The Securities and Exchange Commission today awarded more than $1 million to a compliance officer who provided information that assisted the SEC in an enforcement action against the whistleblower’s company. 

The award involves a compliance officer who had a reasonable basis to believe that disclosure to the SEC was necessary to prevent imminent misconduct from causing substantial financial harm to the company or investors. 

“When investors or the market could suffer substantial financial harm, our rules permit compliance officers to receive an award for reporting misconduct to the SEC,” said Andrew Ceresney, Director of the SEC’s Enforcement Division.  “This compliance officer reported misconduct after responsible management at the entity became aware of potentially impending harm to investors and failed to take steps to prevent it.”

The SEC said the whistleblower in this matter will receive between $1.4 million and $1.6 million. Whistleblower awards can range from 10 percent to 30 percent of the money collected in a successful enforcement action with sanctions exceeding $1 million.  By law, the SEC must protect the confidentiality of whistleblowers and cannot disclose information that might directly or indirectly reveal their identities.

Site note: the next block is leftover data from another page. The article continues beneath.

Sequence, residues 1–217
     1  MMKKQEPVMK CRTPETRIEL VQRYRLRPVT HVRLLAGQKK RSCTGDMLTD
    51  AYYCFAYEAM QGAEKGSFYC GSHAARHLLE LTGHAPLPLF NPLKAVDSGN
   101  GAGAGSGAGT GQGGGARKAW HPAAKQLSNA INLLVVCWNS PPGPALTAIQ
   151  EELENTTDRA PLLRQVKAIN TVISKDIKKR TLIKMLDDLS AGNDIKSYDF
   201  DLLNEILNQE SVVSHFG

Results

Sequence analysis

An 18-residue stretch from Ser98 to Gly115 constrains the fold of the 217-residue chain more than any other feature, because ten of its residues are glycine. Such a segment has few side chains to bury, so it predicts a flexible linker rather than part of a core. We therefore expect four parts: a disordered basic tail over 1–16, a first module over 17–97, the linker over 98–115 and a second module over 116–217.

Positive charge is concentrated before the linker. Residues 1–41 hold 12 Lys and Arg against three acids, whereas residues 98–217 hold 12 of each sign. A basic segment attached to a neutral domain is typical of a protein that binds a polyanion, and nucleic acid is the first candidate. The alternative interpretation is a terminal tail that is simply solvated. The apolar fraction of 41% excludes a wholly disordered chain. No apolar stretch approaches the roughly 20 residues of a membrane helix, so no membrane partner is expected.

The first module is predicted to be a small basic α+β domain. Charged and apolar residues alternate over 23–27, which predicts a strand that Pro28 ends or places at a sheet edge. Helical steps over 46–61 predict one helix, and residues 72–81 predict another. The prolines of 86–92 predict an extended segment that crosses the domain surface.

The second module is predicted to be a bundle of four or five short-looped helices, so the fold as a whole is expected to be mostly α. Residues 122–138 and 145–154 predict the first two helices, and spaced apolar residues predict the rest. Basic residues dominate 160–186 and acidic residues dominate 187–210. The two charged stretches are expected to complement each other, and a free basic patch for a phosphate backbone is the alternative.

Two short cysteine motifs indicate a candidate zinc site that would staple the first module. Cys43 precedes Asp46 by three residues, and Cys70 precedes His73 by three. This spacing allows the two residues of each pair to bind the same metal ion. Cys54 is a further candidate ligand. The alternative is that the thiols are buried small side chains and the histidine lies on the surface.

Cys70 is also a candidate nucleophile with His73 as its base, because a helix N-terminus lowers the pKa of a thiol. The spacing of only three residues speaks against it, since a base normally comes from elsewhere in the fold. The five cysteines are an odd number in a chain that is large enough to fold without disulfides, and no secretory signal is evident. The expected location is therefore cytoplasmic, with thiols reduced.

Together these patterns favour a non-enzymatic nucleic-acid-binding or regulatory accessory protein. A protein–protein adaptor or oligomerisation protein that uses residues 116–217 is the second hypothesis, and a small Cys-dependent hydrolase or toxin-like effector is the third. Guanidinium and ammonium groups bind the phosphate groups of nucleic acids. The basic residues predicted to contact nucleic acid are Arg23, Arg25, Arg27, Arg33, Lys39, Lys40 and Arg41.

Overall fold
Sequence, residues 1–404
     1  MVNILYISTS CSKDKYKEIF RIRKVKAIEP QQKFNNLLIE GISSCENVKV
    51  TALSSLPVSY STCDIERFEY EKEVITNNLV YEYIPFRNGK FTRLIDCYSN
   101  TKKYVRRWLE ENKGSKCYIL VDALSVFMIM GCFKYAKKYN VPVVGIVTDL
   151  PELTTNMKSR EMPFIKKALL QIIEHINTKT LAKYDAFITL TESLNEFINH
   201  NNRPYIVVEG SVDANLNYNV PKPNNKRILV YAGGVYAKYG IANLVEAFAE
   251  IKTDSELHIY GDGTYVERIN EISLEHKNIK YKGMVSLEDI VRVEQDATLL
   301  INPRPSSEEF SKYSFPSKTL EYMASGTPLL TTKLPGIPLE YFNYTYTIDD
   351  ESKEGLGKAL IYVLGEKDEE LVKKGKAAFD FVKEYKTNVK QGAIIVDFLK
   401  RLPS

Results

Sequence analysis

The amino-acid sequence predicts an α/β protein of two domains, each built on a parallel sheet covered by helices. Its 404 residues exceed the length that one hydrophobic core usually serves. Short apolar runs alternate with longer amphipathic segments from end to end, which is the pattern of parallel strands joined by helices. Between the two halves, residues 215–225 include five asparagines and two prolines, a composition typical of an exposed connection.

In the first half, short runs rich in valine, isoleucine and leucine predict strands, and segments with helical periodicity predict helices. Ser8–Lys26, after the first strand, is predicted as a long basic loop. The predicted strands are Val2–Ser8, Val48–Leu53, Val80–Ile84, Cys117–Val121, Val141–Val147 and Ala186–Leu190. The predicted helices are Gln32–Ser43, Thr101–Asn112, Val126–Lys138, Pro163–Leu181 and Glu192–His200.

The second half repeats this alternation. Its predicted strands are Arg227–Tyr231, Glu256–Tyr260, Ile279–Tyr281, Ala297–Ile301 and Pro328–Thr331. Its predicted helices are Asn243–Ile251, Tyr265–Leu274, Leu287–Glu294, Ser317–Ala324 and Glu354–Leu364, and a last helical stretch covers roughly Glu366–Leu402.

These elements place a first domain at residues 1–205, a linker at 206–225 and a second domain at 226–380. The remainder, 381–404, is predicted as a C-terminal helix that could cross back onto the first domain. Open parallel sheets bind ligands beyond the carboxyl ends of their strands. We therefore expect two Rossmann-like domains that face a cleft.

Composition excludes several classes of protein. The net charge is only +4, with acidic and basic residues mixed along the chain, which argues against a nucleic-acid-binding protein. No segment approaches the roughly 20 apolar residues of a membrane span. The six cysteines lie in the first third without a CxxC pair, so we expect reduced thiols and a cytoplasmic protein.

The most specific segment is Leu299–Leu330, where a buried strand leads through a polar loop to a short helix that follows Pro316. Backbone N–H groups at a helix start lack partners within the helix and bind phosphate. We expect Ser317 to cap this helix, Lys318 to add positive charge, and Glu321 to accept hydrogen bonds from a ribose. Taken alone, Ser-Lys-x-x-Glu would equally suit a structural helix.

Since its inception in 2011, the SEC’s Whistleblower Program has paid more than $50 million to 16 whistleblowers who provided the SEC with useful information that contributed to a successful enforcement action.  All payments are made out of an investor protection fund established by Congress that is financed entirely through monetary sanctions paid to the SEC by securities law violators.  No money is taken or withheld from harmed investors to pay whistleblower awards.

This is the second award the SEC has made to an employee with internal audit or compliance responsibilities. As Compliance Week previously reported, the SEC last year awarded more than $300,000 to an employee with audit or compliance responsibilities who reported wrongdoing to the SEC after the whistleblower’s company failed to take action after the whistleblower first reported the misconduct internally.